Healthy Diet Lowers Diabetes Risk in All Ethnic Groups

Jinnie J. Rhee Department of Epidemiology, Harvard School of Public Health, Boston, Interview with:
Jinnie J. Rhee MSc, ScD
Department of Medicine, Stanford University School of Medicine Palo Alto, CA

Medical Research: What is the background for this study? What are the main findings?

Response: The goal of this study was to see if the dietary determinants of type 2 diabetes observed in predominantly white populations were similar to those in other racial and ethnic groups.  We created a dietary diabetes risk reduction score using eight different dietary factors found to be associated with risk of type 2 diabetes, where a higher score indicates a healthier overall diet (A higher score included low intakes trans fat, sugar-sweetened beverages, and red and processed meats; lower glycemic index; and higher intakes of cereal fiber, nuts, and coffee; and higher polyunsaturated to saturated fat ratio).  We found a protective association of similar magnitude between a healthy overall diet and type 2 diabetes risk in all racial and ethnic groups.  However, in terms of the actual number of preventable cases, a healthier diet conferred even greater benefit for minority women because they were initially at higher risk than white women.

This study is significant because diabetes is a rapidly growing epidemic in most parts of the world, but most previous studies of diet and diabetes have been conducted in populations of European origin.  This analysis was very powerful because it combined two large populations with a total of 156,030 women who were followed for up to 28 years with many repeated assessments of diet.  This allowed us to conduct detailed analyses within specific racial and ethnic groups.

Medical Research: What should clinicians and patients take away from your report?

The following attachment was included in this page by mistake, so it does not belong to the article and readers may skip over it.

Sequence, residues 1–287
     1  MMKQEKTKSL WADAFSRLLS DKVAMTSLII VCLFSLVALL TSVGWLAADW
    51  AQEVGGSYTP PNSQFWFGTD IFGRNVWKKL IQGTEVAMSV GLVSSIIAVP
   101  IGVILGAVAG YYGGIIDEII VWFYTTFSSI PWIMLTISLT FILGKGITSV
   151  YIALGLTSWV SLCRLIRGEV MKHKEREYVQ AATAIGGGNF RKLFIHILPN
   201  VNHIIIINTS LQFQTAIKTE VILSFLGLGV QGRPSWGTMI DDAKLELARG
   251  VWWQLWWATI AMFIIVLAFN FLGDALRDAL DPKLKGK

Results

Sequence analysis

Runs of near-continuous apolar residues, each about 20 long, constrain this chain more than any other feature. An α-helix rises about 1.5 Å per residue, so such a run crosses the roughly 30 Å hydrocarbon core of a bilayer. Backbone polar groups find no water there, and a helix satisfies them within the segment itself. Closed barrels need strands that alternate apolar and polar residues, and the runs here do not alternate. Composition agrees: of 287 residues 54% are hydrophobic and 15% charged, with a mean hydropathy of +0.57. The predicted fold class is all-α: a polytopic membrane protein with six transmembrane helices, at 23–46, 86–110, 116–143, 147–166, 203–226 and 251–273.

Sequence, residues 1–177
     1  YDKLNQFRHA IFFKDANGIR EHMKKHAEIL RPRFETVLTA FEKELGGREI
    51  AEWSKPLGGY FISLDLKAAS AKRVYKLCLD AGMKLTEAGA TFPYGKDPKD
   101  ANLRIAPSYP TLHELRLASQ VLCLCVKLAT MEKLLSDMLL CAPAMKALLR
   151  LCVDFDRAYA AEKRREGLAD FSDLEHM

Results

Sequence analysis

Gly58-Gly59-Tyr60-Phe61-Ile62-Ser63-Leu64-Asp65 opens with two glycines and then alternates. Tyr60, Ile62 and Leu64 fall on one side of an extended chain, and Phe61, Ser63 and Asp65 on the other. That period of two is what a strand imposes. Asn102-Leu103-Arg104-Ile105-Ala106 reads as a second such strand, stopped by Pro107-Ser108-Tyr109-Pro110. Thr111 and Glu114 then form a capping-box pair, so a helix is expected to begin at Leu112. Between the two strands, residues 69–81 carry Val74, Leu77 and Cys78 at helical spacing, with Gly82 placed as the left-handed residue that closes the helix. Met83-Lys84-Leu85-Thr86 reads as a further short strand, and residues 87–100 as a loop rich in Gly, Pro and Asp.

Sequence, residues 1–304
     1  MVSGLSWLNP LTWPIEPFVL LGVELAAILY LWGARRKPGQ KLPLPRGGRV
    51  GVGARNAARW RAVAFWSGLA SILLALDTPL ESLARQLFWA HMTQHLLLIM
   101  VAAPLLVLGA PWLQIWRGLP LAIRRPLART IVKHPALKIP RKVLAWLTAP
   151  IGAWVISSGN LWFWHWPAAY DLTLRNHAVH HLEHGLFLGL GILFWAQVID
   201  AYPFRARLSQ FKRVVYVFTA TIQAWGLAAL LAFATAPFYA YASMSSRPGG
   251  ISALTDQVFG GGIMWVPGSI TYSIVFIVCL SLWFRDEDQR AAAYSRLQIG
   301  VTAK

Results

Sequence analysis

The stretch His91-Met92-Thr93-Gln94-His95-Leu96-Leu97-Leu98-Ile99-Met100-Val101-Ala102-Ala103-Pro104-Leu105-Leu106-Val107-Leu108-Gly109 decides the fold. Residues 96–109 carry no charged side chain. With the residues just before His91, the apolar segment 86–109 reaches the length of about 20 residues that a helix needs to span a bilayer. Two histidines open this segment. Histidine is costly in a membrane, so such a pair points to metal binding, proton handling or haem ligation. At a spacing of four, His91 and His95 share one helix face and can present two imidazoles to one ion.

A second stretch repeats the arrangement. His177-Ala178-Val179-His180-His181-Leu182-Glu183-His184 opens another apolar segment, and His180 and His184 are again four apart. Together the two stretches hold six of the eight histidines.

Response: These findings suggest that a healthy overall diet can play an important role in the prevention of type 2 diabetes, particularly in high-risk groups.  The take-home message is that regardless of one’s race and ethnicity, a healthy diet can play an important role in preventing diabetes, and in fact, the benefit may be greater for minority women who already have elevated risks of diabetes.  A healthier diet, especially that of lower glycemic foods and lower intakes of sugar sweetened beverages and red and processed meats, and higher intakes of cereal fiber and coffee should be encouraged.

Medical Research: What recommendations do you have for future research as a result of this study?

Response: This study marks a big step forward in diabetes research because it shows that a dietary pattern found to be beneficial in a population mainly European origin can be applicable to most of the world’s population of women.  Future research should focus on how this knowledge can be applied into practice.  This includes finding ways to address health disparities that are influenced by race, income, and other socioeconomic factors


Jinnie J. Rhee, Josiemer Mattei, Michael D. Hughes, Frank B. Hu, and Walter C. Willett

Dietary Diabetes Risk Reduction Score, Race and Ethnicity, and Risk of Type 2 Diabetes in Women Diabetes Care published ahead of print January 15, 2015, doi:10.2337/dc14-1986